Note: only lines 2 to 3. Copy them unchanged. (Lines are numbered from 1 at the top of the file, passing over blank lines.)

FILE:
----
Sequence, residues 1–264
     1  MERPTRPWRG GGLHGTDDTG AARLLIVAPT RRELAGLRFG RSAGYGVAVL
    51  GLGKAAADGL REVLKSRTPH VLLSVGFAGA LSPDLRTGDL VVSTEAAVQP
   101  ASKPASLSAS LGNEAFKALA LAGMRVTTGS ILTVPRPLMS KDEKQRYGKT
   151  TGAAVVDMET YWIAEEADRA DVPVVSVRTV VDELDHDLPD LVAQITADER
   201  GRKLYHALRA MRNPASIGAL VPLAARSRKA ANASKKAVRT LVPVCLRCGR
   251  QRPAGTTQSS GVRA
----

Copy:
     1  MERPTRPWRG GGLHGTDDTG AARLLIVAPT RRELAGLRFG RSAGYGVAVL
    51  GLGKAAADGL REVLKSRTPH VLLSVGFAGA LSPDLRTGDL VVSTEAAVQP